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Photo: Reuters
Teva (Photo: Reuters)
Photo: Reuters
Israeli life science firms seek help to follow Teva's lead
Israeli companies are struggling to achieve the success that Teva has maintained, mainly due to an inability to raise funding, the challange of breaking into the innovation sector, and a lack of experience taking drugs through the regulatory process to market.

As Israel's biggest company Teva strives to get even bigger by swallowing up rival Mylan for more than $40 billion, further down the food chain a raft of upstart life science firms are struggling to climb onto the global ladder.

 

 

 Now the government is starting to take notice, urged on by influential advocates, including Teva Pharmaceutical Industries' own boss, who says the country's economic future depends on replicating his company's success.

 

Photo: EPA (Photo: EPA)
Photo: EPA

 

Israel has a burgeoning life science industry comprising around 1,380 mostly very small companies. Some 51 biotech, biopharma and medical devices firm are listed on the Tel Aviv Stock Exchange, making it the largest single sector.

 

But few of them go on to build up their businesses, with most promising ideas snapped up by foreign heavyweights.

 

Novartis, Johnson & Johnson and Merck Serono have all opened research centres in Israel, usually by acquiring small companies. Merck Serono's best-selling drug, Rebif, which treats multiple sclerosis (MS), was developed in Israel.

 

That frustrates many in the Israeli industry, who believe the country is letting wealth and expertise drain overseas.

 

"Start-up nation is not a sustainable model for Israel. What Israel needs is more large companies," Teva CEO Erez Vigodman said at the launch of a joint venture with Philips to invest in Israeli medical device and digital health start-ups.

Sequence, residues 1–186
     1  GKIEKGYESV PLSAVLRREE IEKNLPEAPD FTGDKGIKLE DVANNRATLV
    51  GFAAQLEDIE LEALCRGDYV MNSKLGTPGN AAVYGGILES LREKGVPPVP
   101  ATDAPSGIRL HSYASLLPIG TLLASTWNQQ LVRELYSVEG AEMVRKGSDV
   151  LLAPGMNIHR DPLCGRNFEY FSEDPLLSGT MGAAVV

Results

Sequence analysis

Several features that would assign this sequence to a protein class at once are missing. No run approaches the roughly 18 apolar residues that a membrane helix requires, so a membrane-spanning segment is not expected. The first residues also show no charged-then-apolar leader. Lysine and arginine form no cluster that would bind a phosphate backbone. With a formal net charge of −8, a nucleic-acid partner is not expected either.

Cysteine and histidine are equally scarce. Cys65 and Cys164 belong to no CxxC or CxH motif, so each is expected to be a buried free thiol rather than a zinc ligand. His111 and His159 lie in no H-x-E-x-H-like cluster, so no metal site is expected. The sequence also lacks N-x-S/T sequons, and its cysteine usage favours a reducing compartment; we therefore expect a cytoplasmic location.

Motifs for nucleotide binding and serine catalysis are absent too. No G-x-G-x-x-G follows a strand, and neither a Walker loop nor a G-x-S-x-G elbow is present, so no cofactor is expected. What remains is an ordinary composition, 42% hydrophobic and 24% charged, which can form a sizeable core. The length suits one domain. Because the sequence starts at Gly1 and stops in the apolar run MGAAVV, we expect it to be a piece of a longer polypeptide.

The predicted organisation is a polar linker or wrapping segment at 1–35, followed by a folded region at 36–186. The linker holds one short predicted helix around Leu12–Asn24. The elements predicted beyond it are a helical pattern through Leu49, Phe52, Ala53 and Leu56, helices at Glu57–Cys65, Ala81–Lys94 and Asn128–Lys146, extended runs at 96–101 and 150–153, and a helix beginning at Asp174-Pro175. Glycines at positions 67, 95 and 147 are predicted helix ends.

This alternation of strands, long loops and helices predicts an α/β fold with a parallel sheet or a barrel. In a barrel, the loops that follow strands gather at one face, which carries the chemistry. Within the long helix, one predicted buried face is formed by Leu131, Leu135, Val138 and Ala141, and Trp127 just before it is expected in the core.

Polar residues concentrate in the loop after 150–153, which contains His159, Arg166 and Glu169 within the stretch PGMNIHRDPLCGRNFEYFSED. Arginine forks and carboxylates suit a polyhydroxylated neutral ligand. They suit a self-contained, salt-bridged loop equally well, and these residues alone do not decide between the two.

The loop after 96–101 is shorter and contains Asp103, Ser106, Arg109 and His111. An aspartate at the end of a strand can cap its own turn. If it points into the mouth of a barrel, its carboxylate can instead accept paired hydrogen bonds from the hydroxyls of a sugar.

Teva, the world's largest generic drugmaker with annual sales of $20 billion, used its fortune from copycat drugs to move into the costlier innovative sector. Today, around half its profit is from one branded drug, MS treatment Copaxone.

 

That is not an easy model to replicate.

 

(Photo:Reuters)
(Photo:Reuters)

 

The biggest problem for Israeli firms, according to Claudio Yarza, head of life sciences at consultants PricewaterhouseCoopers (PwC) Israel, is a lack of funding -- from university level to capital markets,

 

There are some signs, however, that is starting to change.

 

Israeli life science firms raised more than $2 billion from various resources in 2014, a record year, according to the Israel Advanced Technology Industries (IATI) association.

 

What's more, start-ups raised $801 million, according to the Israel Venture Capital Research Center, up 55 percent on 2013.

 

That's almost twice the rate of growth in the United States, although start-ups there raised a much larger $8.6 billion, according to PwC and the National Venture Capital Association.

 

Also, of 73 biotech companies that went public on Nasdaq last year, seven were Israeli.

 

"Maybe now that some companies have raised nice sums on Nasdaq they will be able to take their drugs all the way," said PwC Israel's Yarza.

 

Government Action

 

Israeli firms also complain about red tape, and the lack of manufacturing in Israel which means they have to turn to foreign companies for help developing drugs.

 

"We don't have enough drug development and manufacturing experience and infrastructure in Israel," Compugen CEO Anat Cohen-Dayag told Reuters.

 

Compugen, which discovers drugs mainly in cancer immunotherapy using computational technology, has partnerships with Merck Serono and Bayer.

 

However, the Israeli government is now helping firms set up their own plants by offering funds for equipment, according to Ora Dar, head of life sciences in the chief scientist's office.

 

In addition, "we are talking to CMOs (contract manufacturing organisations) to see what it will take to convince them to build facilities in Israel," she said.

 

Dar said the government was tackling another common complaint among life science executives -- a lack of experience in taking drugs through the regulatory process to market.

 

The government is increasing funding for the health regulator to help speed approval for clinical trials in Israel, she said.

 

There's a long way to go.

 

While individual Israeli companies such as Protalix, whose plant-based enzyme was approved to treat Gaucher disease, may succeed, "most will either license their products to larger corporations or be acquired," said IATI co-chairman Benny Zeevi.

 

But Compugen's Cohen-Dayag was cautiously optimistic.

 

"A small company that would like to take drugs to the market cannot establish the infrastructure in Israel on its own," she said. "I think the government recognises this now and is trying to build bridges to address these gaps, but it will take time."

 

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